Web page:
From the Classroom to the Cosmos, TAMU-CC Professor Trains as Aspiring Astronaut

CORPUS CHRISTI, Texas – At the Island University, Dr. Ron Snarr not only reaches the minds of his students, but he’s also reaching for the stars. Snarr, Associate Professor of Exercise Physiology at Texas A&M University-Corpus Christi, delicately balances his teaching duties with his training to become an aspiring astronaut. He describes his desire to become a man of flight as a persistent ambition.   

“It’s been a lifelong dream, a dream that was reinforced throughout college, as many of my professors were either previous astronauts or did consulting with NASA,” Snarr said. “My goal is to do research and collect data in space. Instead of just studying how humans are affected within this environment, how might they be affected on other planets with the future Mars missions?”

While NASA may be the first name that comes to mind for space exploration, Snarr reveals that it’s not the only route. As an aspiring astronaut, Snarr is engaged with the International Institute for Astronautical Sciences (IIAS), where scientists work collaboratively in cohorts and are prepared for prospective roles as astronauts. Recently, he and his team were in the top 100 out of 5,500 global participants in the NASA Space Apps Challenge where they presented previous NASA mission data in a new and interesting way.

Snarr recounts the training he received on a recent trip to IIAS facilities in Florida, from hypoxia exercises that help the trainees identify signs they are low on oxygen, to experiencing microgravity and G-force flights. Through his interest in the field of bioastronautics, Snarr is determined to contribute to the understanding of the impact of space travel on the human body.

“At my trainings, I get to learn from all these different individuals including aerospace engineers, navy ship mechanics, and nuclear powerplant mechanics,” he said. “Then, I have the ability to come back to campus with that training and share it with my students.”

Snarr’s enthusiasm for space and his eagerness to give details of his experiences have sparked interest among his students, including Amanda Geneva ’25, kinesiology major.

“Dr. Snarr is so knowledgeable about the human body,” Geneva said. “He can explain to the class how his training is physically affecting him and how it applies it to what we are learning. Recently he explained to the class how high altitude affected him when he trained in the mountains and his cardiac stroke output was reduced, causing fatigue. He has inspired me to stay educated and continue researching how the human body works.”

Snarr’s colleagues are also rooting for his success. Dr. Don Melrose, Interim Dean of the TAMU-CC College of Education and Human Development and Professor and Chair of the Department of Kinesiology and Military Science, notes how seamlessly Snarr fit into the Islander community since his arrival in summer 2022 and the immediate impact he has had on his students.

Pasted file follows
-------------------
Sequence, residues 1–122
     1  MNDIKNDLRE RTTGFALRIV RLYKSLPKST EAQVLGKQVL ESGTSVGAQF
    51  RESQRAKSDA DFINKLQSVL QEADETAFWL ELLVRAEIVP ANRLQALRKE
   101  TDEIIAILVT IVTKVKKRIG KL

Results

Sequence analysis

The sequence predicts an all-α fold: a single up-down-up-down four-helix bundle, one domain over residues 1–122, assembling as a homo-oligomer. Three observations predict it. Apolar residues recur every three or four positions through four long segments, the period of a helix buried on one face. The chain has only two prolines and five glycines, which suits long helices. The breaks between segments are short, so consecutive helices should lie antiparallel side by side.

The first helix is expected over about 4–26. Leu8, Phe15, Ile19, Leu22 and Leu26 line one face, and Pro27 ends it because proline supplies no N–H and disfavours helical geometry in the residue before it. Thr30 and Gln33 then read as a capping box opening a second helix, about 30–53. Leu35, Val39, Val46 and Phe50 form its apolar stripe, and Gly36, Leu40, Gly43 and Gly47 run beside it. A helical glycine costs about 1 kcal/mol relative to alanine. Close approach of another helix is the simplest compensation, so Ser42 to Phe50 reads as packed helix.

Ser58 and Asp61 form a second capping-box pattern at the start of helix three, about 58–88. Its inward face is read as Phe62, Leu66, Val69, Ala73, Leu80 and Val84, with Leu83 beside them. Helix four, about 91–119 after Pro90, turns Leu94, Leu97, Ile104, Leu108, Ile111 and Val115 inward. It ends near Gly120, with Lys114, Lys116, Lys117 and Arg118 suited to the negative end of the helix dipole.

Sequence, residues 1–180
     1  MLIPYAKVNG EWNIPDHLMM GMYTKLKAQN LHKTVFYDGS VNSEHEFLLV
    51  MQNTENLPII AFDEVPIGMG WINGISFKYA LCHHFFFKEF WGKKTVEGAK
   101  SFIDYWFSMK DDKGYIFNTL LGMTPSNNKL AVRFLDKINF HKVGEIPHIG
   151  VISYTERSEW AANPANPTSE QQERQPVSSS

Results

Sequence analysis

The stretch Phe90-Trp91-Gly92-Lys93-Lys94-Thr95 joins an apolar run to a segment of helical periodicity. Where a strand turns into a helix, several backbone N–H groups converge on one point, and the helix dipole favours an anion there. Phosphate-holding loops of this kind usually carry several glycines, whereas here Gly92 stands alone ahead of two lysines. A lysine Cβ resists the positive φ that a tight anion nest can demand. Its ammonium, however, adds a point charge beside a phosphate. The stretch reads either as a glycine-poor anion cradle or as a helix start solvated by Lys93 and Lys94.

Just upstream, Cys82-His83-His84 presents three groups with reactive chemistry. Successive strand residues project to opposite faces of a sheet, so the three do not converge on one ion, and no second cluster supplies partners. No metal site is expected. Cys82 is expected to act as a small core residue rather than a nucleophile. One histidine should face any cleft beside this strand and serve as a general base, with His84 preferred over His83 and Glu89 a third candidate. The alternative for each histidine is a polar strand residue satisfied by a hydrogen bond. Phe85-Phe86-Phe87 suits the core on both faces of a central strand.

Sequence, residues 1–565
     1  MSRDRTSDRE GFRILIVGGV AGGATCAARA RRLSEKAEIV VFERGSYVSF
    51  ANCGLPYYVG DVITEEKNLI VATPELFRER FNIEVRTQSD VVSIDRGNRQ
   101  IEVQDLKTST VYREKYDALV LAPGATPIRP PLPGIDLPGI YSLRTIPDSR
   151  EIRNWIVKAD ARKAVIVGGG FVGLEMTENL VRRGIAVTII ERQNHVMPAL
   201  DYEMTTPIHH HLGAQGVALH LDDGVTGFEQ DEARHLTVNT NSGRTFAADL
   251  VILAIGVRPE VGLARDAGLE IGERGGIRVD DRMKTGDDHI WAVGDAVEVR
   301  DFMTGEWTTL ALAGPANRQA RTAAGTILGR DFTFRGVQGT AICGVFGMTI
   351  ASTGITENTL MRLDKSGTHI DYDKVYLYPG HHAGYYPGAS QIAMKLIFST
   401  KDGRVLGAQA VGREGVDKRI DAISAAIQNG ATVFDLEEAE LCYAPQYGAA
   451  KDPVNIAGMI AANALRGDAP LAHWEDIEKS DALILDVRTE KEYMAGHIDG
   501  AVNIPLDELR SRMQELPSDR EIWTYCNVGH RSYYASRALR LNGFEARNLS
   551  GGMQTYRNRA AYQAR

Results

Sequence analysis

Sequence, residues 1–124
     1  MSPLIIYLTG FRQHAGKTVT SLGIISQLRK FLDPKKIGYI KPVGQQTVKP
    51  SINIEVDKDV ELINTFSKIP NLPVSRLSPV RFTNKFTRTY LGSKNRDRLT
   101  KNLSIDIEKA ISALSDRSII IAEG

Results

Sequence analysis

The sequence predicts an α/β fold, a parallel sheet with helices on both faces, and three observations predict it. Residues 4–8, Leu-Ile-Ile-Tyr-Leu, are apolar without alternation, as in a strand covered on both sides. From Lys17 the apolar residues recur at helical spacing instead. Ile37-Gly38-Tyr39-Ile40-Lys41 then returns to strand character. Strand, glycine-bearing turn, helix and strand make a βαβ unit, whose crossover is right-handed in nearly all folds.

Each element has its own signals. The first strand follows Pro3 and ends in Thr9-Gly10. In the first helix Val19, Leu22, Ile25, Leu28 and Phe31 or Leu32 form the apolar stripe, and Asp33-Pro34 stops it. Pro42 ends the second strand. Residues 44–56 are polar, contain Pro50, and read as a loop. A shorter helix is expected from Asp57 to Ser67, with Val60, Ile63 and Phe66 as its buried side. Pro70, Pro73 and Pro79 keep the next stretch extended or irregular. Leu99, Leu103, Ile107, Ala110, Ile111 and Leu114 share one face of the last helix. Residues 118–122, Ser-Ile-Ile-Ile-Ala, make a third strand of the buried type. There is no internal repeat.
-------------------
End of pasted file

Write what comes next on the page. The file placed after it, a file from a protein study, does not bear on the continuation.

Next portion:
“Dr. Snarr has an amazing work capacity and work ethic,” Melrose said. “Between his position here at TAMU-CC, his ongoing education, and his dreams of going to space, he can do it all. I hope he makes it far enough to be chosen for a mission someday. It would be amazing to have one of our professors do what very few other people have done.”

Snarr admits that his trajectory through higher education wasn’t a smooth one. He was the first in his family to attend college. Once he got to college, he said he lacked the focus and motivation for the rigor of a pre-medical program. After taking some time off from school to work with his father in carpentry and some other jobs in retail and personal fitness, he said he accumulated enough life experience and maturity to realize he wanted to go back to college to finish his bachelor’s degree. It wasn’t until he landed his first teaching job that the idea of pursuing graduate school became appealing. He applied to grad school and eventually earned a Ph.D. in Exercise Physiology and Human Performance from The University of Alabama in 2017. Snarr said he openly shares his story with his students to encourage them to follow their dreams no matter how irregular or indirect their path may be.

“I hope I can motivate students to think about career fields that they may never have thought about, and that it is possible to do things that you only dream about,” Snarr said. “One day, I’m potentially going to be an astronaut and go to space. You can’t let anybody tell you it cannot be done.”